‘I’m so proud of the girls’: England’s 1972 squad celebrate despite final loss | Women’s World Cup 2023

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“I never thought women’s football would be like this,” Sue Whyatt, a goalkeeper in England’s first official Lionesses squad of 1972, said. “In my day, football was never going to be a proper career because we had to pay our own way … I’ve never got a shirt or anything”.

Watching the World Cup final at London’s Boxpark Wembley with some of the original squad, Whyatt had nothing but adoration for the Lionesses, particularly goalkeeper Mary Earps, who she described as “incredibly humble”. “I can’t help ducking and diving when the ball is near the goal,” she said, chuckling. “Football is a professional career now. Those players are athletes … It’s wonderful.”

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Members of the 1973 Women’s England football team, including Sue Whyatt (centre) and Maggie Pearce (right).
Members of the 1973 Women’s England football team, including Sue Whyatt (centre) and Maggie Pearce (right). Photograph: David Levene/The Guardian

England took on Spain in the Women’s World Cup final on Sunday morning at Stadium Australia, and to the devastation of fans, lost 1-0. But there was still a strong sense of joy and pride even after the loss as people continued to pose for photos and hold up England flags, with many determined not to forget the team’s successes throughout the tournament.

“It was very emotional. I cried, we all did, but I’m so proud of the girls,” Whyatt said. “The Lionesses won the Euros and they are one of the top two teams in the world. That in itself is a huge achievement.”

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Women’s football has come a long way since Whyatt and her teammates played more than 50 years ago. Even after the Football Association’s 50-year ban was lifted in 1971, many disapproved of women playing. “It wasn’t to be encouraged,” Maggie Pearce, another former member of the 1972 squad, said.

“I just wanted to go out and play football. I was treated no different from the lads, the tomboy that I was,” she said.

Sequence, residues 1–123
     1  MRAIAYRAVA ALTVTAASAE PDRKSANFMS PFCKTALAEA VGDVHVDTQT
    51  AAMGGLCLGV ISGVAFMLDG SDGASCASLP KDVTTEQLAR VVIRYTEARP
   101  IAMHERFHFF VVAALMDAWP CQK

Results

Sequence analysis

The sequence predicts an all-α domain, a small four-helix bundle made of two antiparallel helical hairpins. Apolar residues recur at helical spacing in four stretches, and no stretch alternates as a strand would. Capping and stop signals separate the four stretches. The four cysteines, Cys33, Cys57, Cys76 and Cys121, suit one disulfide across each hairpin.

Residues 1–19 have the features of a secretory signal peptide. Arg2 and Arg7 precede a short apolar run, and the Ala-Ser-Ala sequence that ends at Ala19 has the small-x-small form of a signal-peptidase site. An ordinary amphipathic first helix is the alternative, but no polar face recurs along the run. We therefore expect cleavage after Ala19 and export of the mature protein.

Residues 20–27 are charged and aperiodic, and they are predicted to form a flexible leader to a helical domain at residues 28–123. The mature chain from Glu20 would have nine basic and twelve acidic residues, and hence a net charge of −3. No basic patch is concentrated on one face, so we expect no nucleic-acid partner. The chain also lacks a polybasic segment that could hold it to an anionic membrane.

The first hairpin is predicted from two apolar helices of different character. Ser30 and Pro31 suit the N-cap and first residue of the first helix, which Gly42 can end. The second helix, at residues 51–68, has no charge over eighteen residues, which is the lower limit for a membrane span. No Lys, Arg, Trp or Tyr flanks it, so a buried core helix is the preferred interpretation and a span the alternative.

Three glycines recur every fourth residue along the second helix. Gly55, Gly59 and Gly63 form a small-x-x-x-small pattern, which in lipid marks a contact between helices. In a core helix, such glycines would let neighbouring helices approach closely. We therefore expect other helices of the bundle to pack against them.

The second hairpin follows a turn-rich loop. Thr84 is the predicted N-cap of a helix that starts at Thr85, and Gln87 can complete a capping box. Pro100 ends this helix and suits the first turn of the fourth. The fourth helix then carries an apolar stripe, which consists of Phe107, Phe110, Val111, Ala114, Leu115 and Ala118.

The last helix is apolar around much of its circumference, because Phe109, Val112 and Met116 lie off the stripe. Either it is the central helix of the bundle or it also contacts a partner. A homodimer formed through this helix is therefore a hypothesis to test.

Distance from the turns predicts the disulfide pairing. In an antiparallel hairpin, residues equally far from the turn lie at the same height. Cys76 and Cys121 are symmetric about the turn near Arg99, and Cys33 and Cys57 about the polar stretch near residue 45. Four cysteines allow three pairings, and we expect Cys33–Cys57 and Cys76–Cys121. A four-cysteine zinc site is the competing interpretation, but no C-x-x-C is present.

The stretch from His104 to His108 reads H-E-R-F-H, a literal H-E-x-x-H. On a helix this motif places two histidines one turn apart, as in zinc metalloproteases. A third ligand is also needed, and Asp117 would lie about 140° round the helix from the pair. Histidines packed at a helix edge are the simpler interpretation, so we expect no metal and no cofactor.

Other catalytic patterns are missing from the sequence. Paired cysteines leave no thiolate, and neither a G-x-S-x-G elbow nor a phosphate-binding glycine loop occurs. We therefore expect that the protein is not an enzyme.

Whyatt said the men’s success in the 1966 World Cup, when they beat West Germany 4-2, “really fired us up”.

After two years with the Lionesses, Whyatt had to park her football ambitions when she became a police officer. But now, with the Lionesses’ success, she said she hoped the interest and funding for the women’s game would grow.

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“I think this has kickstarted everything, especially with the amount of money they have got from the National Lottery fund for the grassroots [clubs].”

Bella, eight, a “huge fan” and aspiring Lioness, watched the game with her mum, Marianne, aunties and grandma. Each night, Bella said she dreams about playing for the Lionesses and one day lifting up the trophy for England.

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A mother consoles a young fan at Boxpark as England lose the Fifa Women’s World Cup final.
A mother consoles a young fan at Boxpark as England lose the Fifa Women’s World Cup final. Photograph: David Levene/The Guardian

“Earlier, [Bella] said it doesn’t matter if we don’t win because I know that we’re gonna win again and that’s when I’m playing football and I’m going to be in the World Cup and score the winning goal,” said Bella’s mum, Marianne. “It’s so special hearing her talking about football like that because of the girls.”

Pearce said more support needed to go towards coaching as well as players. “There’s got to be more female coaches … It’s not just about girls playing football, it’s all aspects of the game.

Whyatt said she would not want to see the game becoming “too commercialised” and “all about the money, like the men’s”.

“WSL [Women’s Super League] is getting a pool of talent together but we have to learn from the mistakes made in the men’s game of not having enough homegrown players playing regularly in the premiership.

“I go to quite a lot of games with my granddaughter and the atmosphere in the WSL games is so totally different. It’s a family affair and that’s how it should be. We don’t want it to go as tribal as the men’s game. That’s my hope for it.”

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